Pax Christi USA members from Florida, Georgia, Maryland, Washington, D.C., Virginia, Illinois, New York, North Carolina, South Carolina, Minnesota, New Jersey, Texas, Wisconsin, Wyoming and elsewhere gathered at the School of the Americas this past weekend for the annual vigil and action to close the SOA.
Friday evening, Pax Christi USA hosted its 14th annual program, entitled this year “Pax Christi USA at the SOA: Resisting the Militarization of our Youth—from Central America to Ferguson.” The gathering drew over 250 participants and featured presentations by Rev. Ismael Moreno Coto, S.J., popularly known as Padre Melo, a Jesuit priest and human rights activist in his native Honduras and Tony Neal, currently President/CEO of Educational Equity Consultants who has served as faculty and trainer for numerous Dismantling Racism Institutes of the National Conference for Community and Justice.
On Saturday, over 1,000 participants gathered in Lumpkin, Georgia for a march to the Stewart Detention Center. Stewart is one of the largest immigrant prisons in the U.S., currently warehousing 1,800 men for profit. These detainees’ only “crime” was to flee the economic and political violence in their home countries, violence created by U.S. policies and training like at the SOA/WHINSEC.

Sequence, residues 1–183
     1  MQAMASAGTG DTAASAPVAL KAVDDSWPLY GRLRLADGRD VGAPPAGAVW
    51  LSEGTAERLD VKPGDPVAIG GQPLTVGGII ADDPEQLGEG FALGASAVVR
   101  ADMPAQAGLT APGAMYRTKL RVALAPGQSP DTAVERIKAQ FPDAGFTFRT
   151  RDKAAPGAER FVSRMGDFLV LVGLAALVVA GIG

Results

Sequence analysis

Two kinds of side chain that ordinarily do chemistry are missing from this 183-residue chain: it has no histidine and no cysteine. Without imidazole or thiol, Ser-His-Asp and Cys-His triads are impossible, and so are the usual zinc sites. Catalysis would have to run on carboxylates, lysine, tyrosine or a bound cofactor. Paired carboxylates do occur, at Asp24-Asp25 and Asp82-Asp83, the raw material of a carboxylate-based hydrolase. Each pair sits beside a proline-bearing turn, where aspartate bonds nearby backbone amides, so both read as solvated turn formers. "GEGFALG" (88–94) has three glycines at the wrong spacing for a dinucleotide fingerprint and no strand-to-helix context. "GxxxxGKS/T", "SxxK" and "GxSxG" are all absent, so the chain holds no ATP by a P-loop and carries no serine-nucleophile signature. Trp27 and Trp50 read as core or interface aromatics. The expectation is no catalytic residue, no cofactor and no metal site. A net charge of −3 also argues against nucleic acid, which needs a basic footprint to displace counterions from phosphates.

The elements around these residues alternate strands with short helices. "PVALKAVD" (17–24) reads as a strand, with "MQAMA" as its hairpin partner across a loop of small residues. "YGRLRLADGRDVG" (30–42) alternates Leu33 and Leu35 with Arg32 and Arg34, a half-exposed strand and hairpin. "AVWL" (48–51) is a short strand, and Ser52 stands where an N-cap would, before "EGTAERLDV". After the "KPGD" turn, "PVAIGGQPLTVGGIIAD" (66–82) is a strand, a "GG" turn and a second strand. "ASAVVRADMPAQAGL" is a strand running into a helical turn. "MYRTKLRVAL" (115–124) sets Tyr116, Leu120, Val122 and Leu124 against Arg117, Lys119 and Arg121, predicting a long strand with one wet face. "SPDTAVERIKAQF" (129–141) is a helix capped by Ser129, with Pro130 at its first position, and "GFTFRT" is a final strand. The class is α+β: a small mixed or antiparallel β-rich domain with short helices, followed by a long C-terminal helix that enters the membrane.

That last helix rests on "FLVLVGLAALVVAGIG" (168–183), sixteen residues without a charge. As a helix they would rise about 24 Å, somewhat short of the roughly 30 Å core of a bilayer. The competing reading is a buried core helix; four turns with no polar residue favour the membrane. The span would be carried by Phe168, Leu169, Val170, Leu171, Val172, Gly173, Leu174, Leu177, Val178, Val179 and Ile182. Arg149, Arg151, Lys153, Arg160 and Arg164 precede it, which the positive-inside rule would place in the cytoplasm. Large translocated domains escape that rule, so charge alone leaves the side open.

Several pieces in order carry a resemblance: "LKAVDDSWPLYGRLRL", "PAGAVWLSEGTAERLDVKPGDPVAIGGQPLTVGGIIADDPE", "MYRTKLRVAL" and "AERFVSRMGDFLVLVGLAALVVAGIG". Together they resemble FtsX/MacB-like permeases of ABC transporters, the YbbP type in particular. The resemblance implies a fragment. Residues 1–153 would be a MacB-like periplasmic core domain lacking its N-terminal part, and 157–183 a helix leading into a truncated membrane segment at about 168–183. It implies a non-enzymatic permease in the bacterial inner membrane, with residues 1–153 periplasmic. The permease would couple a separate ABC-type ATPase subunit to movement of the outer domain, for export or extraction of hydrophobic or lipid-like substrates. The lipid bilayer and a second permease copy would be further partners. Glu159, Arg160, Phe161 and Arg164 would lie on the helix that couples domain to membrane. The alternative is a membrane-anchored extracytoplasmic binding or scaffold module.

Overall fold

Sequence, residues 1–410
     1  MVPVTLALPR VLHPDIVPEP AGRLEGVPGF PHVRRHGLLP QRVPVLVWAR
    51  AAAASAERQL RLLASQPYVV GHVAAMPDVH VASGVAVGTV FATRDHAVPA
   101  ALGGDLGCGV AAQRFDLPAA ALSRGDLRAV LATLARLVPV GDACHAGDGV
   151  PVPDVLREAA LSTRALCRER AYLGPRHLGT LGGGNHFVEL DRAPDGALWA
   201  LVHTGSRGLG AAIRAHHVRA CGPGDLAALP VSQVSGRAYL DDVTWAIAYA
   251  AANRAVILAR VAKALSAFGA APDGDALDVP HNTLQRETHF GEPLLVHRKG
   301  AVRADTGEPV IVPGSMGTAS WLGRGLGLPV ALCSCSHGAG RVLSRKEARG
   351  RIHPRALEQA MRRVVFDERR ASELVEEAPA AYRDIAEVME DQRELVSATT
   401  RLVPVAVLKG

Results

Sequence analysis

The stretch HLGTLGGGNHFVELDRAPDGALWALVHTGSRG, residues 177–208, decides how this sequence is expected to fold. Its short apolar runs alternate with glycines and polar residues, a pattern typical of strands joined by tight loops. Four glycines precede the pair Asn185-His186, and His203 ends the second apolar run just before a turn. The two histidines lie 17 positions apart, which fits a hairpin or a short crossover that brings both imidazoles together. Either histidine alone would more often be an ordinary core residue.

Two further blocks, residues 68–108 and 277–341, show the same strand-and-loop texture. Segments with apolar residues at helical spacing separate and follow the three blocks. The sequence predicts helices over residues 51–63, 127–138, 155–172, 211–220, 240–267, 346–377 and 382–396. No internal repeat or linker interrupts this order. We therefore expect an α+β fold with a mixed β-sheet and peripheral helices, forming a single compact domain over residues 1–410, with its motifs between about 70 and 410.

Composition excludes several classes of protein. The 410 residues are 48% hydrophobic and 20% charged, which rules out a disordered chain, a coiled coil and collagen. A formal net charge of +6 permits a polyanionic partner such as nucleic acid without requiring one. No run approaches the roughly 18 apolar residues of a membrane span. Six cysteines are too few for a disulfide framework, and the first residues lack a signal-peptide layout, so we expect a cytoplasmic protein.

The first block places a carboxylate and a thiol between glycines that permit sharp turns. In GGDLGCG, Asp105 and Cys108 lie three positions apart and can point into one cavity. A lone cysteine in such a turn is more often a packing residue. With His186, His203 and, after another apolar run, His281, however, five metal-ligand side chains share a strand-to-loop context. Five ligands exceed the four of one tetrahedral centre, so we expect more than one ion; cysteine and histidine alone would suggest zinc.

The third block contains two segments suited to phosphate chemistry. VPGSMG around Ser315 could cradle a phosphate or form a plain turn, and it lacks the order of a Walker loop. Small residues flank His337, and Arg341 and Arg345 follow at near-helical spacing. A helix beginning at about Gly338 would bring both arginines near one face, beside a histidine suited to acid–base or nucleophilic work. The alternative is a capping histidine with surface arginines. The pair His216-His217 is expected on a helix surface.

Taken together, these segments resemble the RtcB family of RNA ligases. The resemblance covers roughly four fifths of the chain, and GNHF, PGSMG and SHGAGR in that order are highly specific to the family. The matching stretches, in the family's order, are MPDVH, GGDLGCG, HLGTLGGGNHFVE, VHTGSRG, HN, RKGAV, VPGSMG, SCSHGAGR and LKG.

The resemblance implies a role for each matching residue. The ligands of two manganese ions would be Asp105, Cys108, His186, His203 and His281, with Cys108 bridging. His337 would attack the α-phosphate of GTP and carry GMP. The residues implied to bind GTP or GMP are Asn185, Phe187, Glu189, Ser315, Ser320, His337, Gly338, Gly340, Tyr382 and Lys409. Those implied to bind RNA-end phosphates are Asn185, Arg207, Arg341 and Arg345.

On Sunday, 2,500 human rights activists braved the rainstorms and converged at Fort Benning to call for an end to militarized state violence in the U.S. and abroad. Featured presenters came from Mexico, Colombia, Honduras, Brazil, El Salvador, Guatemala, Nicaragua, Nigeria, Venezuela, and the US.
Following the stage program, a solemn funeral procession commemorated those murdered at the hands of School of the Americas/WHINSEC graduates, including the two women and six Jesuit priests who were massacred in 1989 at the University of Central America (UCA) in El Salvador, as well as activists from Honduras, Mexico and Colombia killed earlier this year.